If you love animals, it might be time to look at some hard truths behind the spotlight of the circus – as hard as that may be. The treatment of circus animals has been investigated by world animal rights organizations for the past several decades and the stories of abuse and cruelty are abundant. Many popular organizations have been regularly cited for cruelty, poor conditions, and other offenses. Experts will tell you that wild animals fear fire, don’t stand on their hind legs, and certainly don’t ride bikes. They state that it takes a lot of abuse, fear, and confinement to create that unnatural behavior. Not all circuses resort to cruel practices, but by and large, there are few that consider circus animal rights. The evidence of abuse can be seen in incidents where circus animals went on rampages after years of abuse, attacked the public, and tried to injure themselves to escape a life of misery. Animal rights organizations have undercover video and first-hand accounts of circus animal controversies where animals were kicked, punched, restrained, and emotionally abused in order to illicit a performance, or sometimes for no reason whatsoever.
Circus Animals Are Not Designed to Live This Life
Circuses Are Regularly Cited by the USDA and Other Authorities
Every major animal circus has been cited for violating “minimal standards of care” established by the United States Animal Welfare Act, overseen by the USDA. Even though PETA, the Humane Society, and other animal rights organizations report abuse of circus animals, very few violators are prosecuted. They usually only pay fines.
There is some hope, though. Many communities have signed petitions banning circuses that use abuse to train animals.
Once Animals Outlive Their Usefulness, They May Have No Place to Go
Circus Animals Spend the Majority of Their Lives in Chains or Cages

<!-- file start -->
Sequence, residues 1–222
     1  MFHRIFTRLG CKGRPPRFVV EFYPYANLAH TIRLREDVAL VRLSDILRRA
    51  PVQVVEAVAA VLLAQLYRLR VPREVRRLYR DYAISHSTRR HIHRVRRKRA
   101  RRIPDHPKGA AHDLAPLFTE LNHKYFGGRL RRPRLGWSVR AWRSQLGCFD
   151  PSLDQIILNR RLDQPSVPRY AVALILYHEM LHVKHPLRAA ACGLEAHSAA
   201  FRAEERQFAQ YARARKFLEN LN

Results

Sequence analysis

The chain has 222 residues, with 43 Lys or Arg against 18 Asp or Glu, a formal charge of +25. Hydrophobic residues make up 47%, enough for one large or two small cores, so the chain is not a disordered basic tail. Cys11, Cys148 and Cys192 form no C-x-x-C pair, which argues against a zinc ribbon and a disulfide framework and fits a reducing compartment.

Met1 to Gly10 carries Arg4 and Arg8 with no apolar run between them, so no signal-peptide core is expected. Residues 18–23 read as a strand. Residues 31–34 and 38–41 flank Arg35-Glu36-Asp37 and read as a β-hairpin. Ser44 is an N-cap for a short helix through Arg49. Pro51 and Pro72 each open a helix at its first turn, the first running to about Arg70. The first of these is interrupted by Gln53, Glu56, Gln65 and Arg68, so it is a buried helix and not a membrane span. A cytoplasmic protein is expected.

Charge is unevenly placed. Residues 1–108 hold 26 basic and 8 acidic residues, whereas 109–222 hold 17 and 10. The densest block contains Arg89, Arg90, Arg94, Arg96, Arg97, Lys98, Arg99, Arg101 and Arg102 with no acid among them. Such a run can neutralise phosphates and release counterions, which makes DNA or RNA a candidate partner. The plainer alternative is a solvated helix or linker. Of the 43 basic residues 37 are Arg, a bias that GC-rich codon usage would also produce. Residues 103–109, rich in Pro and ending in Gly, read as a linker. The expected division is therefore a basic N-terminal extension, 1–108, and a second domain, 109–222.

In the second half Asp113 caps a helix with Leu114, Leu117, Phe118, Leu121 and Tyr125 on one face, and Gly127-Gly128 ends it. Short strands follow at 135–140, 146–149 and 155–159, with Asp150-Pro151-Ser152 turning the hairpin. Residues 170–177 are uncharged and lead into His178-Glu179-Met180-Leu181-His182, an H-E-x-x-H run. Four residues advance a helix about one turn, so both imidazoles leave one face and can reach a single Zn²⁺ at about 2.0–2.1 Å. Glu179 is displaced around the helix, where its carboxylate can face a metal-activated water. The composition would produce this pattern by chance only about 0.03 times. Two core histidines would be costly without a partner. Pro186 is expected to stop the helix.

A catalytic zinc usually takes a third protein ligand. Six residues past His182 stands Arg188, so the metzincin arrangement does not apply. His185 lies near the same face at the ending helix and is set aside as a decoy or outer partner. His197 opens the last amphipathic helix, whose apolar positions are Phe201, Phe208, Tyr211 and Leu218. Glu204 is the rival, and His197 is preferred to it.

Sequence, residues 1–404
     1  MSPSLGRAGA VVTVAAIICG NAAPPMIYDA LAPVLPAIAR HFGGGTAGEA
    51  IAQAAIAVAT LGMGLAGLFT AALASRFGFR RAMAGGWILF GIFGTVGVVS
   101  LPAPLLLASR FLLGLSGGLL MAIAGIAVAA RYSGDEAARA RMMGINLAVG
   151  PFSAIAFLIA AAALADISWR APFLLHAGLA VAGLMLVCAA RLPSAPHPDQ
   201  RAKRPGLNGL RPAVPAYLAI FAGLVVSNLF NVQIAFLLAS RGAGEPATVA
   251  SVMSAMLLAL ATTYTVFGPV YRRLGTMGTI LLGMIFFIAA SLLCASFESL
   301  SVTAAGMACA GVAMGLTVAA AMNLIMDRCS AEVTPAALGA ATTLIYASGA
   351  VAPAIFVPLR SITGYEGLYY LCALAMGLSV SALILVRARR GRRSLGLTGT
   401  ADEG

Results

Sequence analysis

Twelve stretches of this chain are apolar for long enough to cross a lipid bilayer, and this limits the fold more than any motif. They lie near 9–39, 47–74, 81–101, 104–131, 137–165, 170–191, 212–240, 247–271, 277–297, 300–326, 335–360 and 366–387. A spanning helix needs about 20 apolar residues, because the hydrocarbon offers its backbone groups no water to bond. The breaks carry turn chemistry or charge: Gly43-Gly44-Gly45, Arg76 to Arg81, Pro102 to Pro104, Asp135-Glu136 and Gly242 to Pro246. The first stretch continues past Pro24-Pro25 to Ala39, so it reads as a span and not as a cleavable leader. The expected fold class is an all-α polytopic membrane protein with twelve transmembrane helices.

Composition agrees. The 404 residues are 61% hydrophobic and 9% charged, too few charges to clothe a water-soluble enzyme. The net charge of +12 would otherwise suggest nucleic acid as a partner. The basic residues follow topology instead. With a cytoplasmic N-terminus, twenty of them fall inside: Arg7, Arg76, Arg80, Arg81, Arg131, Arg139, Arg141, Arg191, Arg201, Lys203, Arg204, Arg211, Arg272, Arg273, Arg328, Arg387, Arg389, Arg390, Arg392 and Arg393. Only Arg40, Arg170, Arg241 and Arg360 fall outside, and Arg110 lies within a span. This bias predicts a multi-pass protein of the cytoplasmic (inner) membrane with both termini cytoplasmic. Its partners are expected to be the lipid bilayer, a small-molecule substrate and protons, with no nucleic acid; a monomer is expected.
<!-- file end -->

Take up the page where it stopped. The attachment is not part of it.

During the off-season, animals are often kept in confinement in small cages or traveling crates, leading to psychological issues and often physical ailments. A common side effect of perpetual confinement is swaying and pacing.
According to PAWS, “virtually 96% of their lives are spent in chains or cages.” Around 11 months a year, animals travel across the country in box cars with no climate control; eating, sleeping, and defecating in the same cage. Some spend as many as 26 hours straight in their travel crates during a show and as long as 60 to 100 hours at a time when the circus travels.
Lack of Exercise and Long Hours of Standing Lead to Physical Ailments, Early Death
Severely Damaged Animals May Lash Out, Endangering Themselves and the Public
Some Trainers Use Muzzles, Electric Shock, Bullhooks, Whips, and Fear to Control Behavior
Laws Do Not Protect Circus Animals
Baby Elephants Can Be Bought for $2,000 – Fully Trained Elephants for $30,000
Some Circuses Are So Bad, Many Countries Have Banned Wild Animal Shows
– Nationwide ban on all animals in circuses: Cyprus, Greece, Malta, and Bolivia.
– Nationwide ban on the use of wild animals in circuses: Austria, Bosnia and Herzegovina, Croatia, Slovenia, Colombia, Costa Rica, El Salvador, Panama, Paraguay, Peru, Singapore, Israel, and Mexico
– Nationwide ban on the use of most wild animals in circuses: Belgium, Bulgaria, and The Netherlands
– Nationwide ban on the use of certain species in circuses: Czech Republic, Denmark, Finland, Portugal, Sweden, and India
– Nationwide ban on the use of native wild animals in circuses: Ecuador
– Nationwide ban on the use of wild-born animals in circuses: Estonia, Hungary, and Poland
-Local bans on the use of animals in circuses: Ireland, Norway, Spain, UK, USA, Canada, Argentina, Brazil, Chile, and Australia
And the list continues to grow.